Steven Doerr, MD
Steven Doerr, MD, is a U.S. board-certified Emergency Medicine Physician. Dr. Doerr received his undergraduate degree in Spanish from the University of Colorado at Boulder. He graduated with his Medical Degree from the University Of Colorado Health Sciences Center in Denver, Colorado in 1998 and completed his residency training in Emergency Medicine from Denver Health Medical Center in Denver, Colorado in 2002, where he also served as Chief Resident.
Charles Patrick Davis, MD, PhD
Dr. Charles "Pat" Davis, MD, PhD, is a board certified Emergency Medicine doctor who currently practices as a consultant and staff member for hospitals. He has a PhD in Microbiology (UT at Austin), and the MD (Univ. Texas Medical Branch, Galveston). He is a Clinical Professor (retired) in the Division of Emergency Medicine, UT Health Science Center at San Antonio, and has been the Chief of Emergency Medicine at UT Medical Branch and at UTHSCSA with over 250 publications.
In this Article
- Cysticercosis (pork tapeworm infection) facts
- What is cysticercosis?
- What causes cysticercosis?
- How is cysticercosis transmitted?
- What are cysticercosis symptoms and signs?
- How is cysticercosis diagnosed?
- What is the treatment for cysticercosis?
- What are the complications of cysticercosis?
- How is cysticercosis prevented?
What are the complications of cysticercosis?
The potential complications of cysticercosis may include the following:
- Vision changes
- Cognitive problems
In general, the prognosis for the majority of patients with cysticercosis is excellent with proper management. Patients with NCC and seizures have a good prognosis if the patient obtains the proper treatment regimen and if the acute lesions clear on subsequent imaging exams of the brain.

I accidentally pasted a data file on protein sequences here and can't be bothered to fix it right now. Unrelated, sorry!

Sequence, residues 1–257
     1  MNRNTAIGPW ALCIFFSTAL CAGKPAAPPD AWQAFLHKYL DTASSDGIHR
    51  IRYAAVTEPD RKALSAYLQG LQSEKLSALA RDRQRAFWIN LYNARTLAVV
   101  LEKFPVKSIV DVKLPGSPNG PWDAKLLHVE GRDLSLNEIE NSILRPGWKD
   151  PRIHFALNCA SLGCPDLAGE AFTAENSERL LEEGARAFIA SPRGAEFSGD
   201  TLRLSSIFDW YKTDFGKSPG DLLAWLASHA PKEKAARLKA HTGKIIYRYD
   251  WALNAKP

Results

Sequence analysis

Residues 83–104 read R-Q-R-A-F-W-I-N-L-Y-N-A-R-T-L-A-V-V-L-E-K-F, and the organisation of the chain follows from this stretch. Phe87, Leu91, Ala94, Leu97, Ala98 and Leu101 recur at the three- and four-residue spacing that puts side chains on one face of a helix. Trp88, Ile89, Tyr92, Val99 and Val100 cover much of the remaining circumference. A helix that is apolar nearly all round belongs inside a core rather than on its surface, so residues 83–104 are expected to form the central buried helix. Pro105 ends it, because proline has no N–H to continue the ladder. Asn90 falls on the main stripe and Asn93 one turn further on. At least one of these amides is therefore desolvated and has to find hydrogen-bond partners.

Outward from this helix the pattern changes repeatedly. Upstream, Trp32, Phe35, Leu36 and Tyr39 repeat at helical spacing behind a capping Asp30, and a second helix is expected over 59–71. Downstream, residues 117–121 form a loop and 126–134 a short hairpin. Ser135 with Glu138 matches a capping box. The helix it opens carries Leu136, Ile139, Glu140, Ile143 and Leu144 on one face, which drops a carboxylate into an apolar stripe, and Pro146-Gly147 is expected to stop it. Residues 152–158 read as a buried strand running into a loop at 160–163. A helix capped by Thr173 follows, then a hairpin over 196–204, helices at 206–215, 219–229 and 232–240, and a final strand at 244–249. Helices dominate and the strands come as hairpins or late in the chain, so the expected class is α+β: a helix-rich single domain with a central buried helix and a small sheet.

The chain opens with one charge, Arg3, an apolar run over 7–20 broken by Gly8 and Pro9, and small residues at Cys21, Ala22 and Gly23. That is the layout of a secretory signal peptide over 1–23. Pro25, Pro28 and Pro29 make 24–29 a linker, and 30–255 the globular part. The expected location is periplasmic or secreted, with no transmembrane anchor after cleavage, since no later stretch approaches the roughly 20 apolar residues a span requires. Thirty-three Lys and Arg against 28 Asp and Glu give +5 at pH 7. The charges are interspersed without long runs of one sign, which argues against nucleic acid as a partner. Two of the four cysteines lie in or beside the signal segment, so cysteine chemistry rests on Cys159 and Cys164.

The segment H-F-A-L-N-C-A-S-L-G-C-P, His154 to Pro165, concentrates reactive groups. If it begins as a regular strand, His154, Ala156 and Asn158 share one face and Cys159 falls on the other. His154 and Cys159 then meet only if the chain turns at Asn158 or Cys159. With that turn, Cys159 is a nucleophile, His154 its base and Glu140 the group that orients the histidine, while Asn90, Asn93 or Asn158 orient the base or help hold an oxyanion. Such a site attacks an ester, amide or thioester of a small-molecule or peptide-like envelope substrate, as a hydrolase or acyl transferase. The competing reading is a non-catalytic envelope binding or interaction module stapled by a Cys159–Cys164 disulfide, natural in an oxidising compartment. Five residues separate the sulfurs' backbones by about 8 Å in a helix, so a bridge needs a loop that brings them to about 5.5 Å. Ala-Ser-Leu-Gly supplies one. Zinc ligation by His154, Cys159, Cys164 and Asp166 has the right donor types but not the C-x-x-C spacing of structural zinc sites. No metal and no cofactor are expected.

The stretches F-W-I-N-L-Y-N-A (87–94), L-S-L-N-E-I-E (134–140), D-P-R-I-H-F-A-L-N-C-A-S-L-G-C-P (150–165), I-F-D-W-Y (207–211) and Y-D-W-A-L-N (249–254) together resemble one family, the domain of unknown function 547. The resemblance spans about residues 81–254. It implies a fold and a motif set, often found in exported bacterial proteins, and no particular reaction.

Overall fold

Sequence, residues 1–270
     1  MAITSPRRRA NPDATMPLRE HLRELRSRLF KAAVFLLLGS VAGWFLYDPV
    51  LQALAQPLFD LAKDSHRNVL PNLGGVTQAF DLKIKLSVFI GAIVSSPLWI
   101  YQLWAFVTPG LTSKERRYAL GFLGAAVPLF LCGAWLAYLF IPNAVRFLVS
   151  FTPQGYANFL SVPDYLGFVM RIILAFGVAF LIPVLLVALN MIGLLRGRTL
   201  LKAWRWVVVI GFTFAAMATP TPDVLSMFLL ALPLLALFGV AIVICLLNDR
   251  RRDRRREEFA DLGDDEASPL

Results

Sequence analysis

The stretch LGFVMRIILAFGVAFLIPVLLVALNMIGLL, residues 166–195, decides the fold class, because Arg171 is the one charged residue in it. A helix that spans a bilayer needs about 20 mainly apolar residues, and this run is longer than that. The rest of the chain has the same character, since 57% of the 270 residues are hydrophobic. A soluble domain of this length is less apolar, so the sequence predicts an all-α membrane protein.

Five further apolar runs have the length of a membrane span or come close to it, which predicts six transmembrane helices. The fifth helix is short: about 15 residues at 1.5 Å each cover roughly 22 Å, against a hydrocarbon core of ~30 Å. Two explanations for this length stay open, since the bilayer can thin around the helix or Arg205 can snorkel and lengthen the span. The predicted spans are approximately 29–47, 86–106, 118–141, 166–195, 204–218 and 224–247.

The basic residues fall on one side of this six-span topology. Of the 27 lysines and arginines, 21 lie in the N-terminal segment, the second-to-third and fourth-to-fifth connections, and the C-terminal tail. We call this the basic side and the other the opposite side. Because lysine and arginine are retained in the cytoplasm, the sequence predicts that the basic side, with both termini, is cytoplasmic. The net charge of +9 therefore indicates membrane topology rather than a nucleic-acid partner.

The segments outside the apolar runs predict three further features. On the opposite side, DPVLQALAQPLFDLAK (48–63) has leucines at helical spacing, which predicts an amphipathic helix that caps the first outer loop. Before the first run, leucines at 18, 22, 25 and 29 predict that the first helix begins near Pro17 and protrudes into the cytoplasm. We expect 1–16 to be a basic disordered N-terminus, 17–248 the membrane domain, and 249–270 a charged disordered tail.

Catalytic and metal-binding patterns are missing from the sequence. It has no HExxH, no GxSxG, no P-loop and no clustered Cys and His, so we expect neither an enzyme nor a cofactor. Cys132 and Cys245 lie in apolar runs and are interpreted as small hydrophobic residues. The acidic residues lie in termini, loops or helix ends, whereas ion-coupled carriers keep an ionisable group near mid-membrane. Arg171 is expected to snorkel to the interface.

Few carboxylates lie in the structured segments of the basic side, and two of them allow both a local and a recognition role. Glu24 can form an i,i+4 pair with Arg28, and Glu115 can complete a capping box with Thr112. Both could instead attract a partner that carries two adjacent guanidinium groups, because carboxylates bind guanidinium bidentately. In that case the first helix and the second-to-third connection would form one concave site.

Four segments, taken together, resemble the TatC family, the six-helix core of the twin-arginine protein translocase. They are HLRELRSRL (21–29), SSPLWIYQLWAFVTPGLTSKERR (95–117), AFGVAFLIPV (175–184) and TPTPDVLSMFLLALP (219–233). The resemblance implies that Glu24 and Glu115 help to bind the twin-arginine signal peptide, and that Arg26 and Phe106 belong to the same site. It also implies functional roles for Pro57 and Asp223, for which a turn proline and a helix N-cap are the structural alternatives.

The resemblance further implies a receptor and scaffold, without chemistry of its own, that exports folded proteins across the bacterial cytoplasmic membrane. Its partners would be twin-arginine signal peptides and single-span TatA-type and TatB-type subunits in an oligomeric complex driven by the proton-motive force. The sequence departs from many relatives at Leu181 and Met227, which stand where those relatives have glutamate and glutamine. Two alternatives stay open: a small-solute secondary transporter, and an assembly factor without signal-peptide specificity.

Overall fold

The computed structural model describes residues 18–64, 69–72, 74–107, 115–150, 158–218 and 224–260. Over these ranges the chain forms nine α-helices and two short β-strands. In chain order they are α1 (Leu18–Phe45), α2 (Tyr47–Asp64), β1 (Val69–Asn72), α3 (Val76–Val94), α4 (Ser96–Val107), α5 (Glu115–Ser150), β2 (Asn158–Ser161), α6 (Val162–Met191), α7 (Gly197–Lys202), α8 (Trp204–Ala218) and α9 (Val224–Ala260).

How is cysticercosis prevented?
The prevention of cysticercosis can be achieved through various measures including the following:
- Public education regarding the parasite and its route of transmission
- Avoidance of raw or undercooked pork in endemic areas
- Avoidance of potential fecal-oral routes of transmission through routine hand washing, good personal hygiene, as well as through the proper handling and preparation of foods
- Meat inspection and the proper disposal of infected meat in endemic areas
- Improved sanitary measures for human waste disposal in endemic areas
- Screening contacts of infected individuals and instituting appropriate treatment
- Developing a vaccine for the prevention of cysticercosis which may be used in the future; currently, there is no vaccine approved for use in humans, though there have been advances in vaccines being used in pigs
Medically reviewed by Robert Cox, MD; American Board of Internal Medicine with subspecialty in Infectious Disease
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Tenzer, Ryan, and Howard Blumstein. "Cysticercosis." eMedicine. Apr. 28, 2009. <http://emedicine.medscape.com/article/781845-overview>.
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